Outbreak information

COVID-19 update
Posted on 11/09/2020
D51 Staff & Families,

We are twelve weeks into in-person learning and have successfully kept schools open by following COVID-19 guidelines to quarantine small groups of students and staff whenever a positive case is identified. Through contact tracing, we are able to determine that a majority of those staff and students who caught COVID-19 were exposed to the virus outside of a school setting. Steps such as tracking symptoms, quarantining staff and students, thorough cleaning and disinfecting, and occasionally transitioning to remote learning temporarily are measures to keep those cases out of schools so we can continue with in-person learning.

However, cases are on the rise in our community, and we should all expect that to have a direct impact on our schools. More positive cases in our community mean more of our staff and students are becoming ill, and their close contacts are being quarantined as a precaution. Unfortunately, we now have five schools that are considered to have outbreaks. While that may conjure images of many people getting sick and infecting others, there is a low threshold for how many cases constitute an outbreak, and not all cases within a building are linked.

The Colorado Department of Public Health and Environment defines an outbreak as “four or more confirmed cases of COVID-19 in a facility or non-household group during a 14 day period.” Though each of these situations are under control, the status of the outbreak will remain active until 28 days have passed with no new illness.

The following schools will be listed on the Mesa County Public Health and Colorado Department of Public Health and Environment websites as active outbreaks because four or more cases were identified at these locations within two weeks:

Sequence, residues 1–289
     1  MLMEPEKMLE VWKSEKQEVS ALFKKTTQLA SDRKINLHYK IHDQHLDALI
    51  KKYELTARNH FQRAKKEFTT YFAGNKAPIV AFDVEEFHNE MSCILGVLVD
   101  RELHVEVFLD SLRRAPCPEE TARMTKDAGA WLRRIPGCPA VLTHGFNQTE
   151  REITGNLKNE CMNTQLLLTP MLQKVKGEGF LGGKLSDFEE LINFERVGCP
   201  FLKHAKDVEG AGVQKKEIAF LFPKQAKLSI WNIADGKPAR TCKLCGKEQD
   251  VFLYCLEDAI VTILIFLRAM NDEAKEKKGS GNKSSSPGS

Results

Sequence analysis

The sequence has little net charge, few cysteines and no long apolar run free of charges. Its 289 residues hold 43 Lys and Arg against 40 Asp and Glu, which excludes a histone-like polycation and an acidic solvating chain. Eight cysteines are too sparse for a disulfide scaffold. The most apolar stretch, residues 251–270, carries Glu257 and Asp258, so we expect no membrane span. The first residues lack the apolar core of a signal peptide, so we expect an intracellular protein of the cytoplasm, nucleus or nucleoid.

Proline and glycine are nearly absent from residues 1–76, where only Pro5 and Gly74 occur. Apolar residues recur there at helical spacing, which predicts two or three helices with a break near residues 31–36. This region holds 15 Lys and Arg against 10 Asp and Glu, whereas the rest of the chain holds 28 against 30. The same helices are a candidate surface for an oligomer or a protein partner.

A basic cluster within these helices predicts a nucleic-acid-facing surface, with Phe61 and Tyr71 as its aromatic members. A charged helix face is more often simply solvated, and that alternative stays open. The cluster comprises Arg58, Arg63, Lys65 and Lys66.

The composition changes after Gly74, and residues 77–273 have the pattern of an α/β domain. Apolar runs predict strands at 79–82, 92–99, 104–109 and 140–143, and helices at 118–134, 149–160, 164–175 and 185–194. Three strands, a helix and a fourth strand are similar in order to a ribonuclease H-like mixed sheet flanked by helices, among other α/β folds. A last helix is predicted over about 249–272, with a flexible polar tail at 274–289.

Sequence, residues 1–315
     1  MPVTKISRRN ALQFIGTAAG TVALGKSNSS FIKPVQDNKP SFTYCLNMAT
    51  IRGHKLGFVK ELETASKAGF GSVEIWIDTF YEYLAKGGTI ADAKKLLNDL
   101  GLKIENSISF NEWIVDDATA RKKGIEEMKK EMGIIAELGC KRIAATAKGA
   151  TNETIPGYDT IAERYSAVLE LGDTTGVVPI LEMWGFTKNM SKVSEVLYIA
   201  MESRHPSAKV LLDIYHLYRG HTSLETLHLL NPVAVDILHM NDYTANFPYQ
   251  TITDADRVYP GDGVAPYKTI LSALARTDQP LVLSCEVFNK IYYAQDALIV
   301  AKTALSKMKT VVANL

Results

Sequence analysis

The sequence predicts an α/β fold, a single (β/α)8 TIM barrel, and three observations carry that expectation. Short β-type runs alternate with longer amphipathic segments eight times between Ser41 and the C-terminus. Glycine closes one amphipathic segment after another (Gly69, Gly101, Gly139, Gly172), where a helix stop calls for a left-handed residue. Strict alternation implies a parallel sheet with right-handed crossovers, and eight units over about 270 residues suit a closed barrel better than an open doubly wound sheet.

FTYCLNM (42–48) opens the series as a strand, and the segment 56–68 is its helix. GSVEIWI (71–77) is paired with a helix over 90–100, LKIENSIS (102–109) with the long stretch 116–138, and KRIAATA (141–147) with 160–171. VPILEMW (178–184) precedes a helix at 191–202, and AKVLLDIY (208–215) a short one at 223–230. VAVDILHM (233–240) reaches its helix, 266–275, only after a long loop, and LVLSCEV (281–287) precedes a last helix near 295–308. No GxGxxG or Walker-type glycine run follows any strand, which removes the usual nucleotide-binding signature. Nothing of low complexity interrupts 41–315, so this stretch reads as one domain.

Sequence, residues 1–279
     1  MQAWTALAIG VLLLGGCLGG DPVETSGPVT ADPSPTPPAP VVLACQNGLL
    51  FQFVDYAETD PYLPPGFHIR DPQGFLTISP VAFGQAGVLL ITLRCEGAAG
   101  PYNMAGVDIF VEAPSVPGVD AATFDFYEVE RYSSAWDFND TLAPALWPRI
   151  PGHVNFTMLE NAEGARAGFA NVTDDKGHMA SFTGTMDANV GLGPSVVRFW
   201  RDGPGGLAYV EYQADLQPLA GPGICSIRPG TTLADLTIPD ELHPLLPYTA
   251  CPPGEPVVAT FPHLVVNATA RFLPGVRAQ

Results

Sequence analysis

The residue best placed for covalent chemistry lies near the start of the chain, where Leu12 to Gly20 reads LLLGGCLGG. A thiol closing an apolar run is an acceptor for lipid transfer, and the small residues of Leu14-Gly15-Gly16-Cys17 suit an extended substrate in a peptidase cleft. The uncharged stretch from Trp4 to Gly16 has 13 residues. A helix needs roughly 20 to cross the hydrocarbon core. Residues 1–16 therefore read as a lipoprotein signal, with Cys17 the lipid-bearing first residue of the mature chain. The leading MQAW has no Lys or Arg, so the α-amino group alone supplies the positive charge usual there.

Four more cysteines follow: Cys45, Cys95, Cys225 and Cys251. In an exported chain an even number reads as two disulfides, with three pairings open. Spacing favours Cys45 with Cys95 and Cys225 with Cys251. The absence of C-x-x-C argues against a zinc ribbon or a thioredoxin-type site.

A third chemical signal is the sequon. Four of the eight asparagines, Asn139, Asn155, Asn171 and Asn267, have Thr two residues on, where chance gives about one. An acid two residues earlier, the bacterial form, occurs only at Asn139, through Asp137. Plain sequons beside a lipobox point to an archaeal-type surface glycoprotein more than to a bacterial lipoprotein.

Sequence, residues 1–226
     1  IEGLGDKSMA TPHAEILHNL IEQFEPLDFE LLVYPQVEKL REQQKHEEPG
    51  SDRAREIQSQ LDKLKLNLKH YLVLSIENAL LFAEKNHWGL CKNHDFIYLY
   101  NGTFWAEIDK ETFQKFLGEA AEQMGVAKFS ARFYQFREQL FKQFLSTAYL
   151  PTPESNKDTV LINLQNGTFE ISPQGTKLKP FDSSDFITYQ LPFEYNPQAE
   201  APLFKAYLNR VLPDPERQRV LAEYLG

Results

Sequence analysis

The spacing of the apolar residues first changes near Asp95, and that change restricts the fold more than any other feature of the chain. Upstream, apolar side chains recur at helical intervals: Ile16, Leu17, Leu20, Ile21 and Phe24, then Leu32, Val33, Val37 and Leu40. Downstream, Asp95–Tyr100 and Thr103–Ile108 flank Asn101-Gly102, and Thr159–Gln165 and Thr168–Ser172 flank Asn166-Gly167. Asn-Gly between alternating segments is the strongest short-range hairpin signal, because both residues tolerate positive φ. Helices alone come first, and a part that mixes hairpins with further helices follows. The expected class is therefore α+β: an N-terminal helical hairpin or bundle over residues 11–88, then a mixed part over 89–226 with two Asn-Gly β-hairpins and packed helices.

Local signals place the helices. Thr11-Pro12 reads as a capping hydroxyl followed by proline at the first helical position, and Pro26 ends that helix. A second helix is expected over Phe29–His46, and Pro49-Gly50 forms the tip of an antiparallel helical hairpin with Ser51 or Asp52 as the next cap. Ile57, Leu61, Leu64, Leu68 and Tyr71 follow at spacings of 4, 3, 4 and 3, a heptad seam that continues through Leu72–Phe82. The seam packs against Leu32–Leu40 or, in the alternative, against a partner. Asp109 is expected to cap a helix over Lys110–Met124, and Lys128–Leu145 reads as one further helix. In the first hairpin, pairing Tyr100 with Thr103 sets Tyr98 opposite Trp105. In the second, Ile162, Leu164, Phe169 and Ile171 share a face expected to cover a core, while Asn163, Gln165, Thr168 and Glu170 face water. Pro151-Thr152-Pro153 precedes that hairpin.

East Middle School
Fruita Monument High School
Grand Junction High School
Independence Academy
Orchard Ave Elementary

This may raise concerns and questions about the need to go remote on a larger scale. Schools are considered an essential service in Colorado, which allows districts the ability to work closely with their local health departments to examine each situation on an individual basis and respond appropriately. There is no set number or percentage of cases that will automatically trigger a transition to remote learning. In most cases, remote learning is needed due to the amount of staff members quarantining as a precaution and the lack of substitutes to fill those positions, not an amount of positive cases.

We believe that in-person learning provides many benefits to students that cannot be replicated remotely: things like access to meals or social and emotional support. Though staff and students have tested positive, very few of those cases have occurred within a school setting, so our transmissions within schools are low.

This recent surge in cases locally shows us that the pandemic isn’t over, and we need to be more vigilant now than we ever have been. With flu season well underway, illness is becoming more prevalent, and we can all take measures to protect ourselves and others. Measures are in place at the schools, across the district, and in our community to slow the spread of COVID-19 and identify illness early, but we need your help - please visit health.mesacounty.us for tips on COVID-19 prevention and help us keep our schools open for the students who need it most.

Thank you,
Mesa County Valley School District 51
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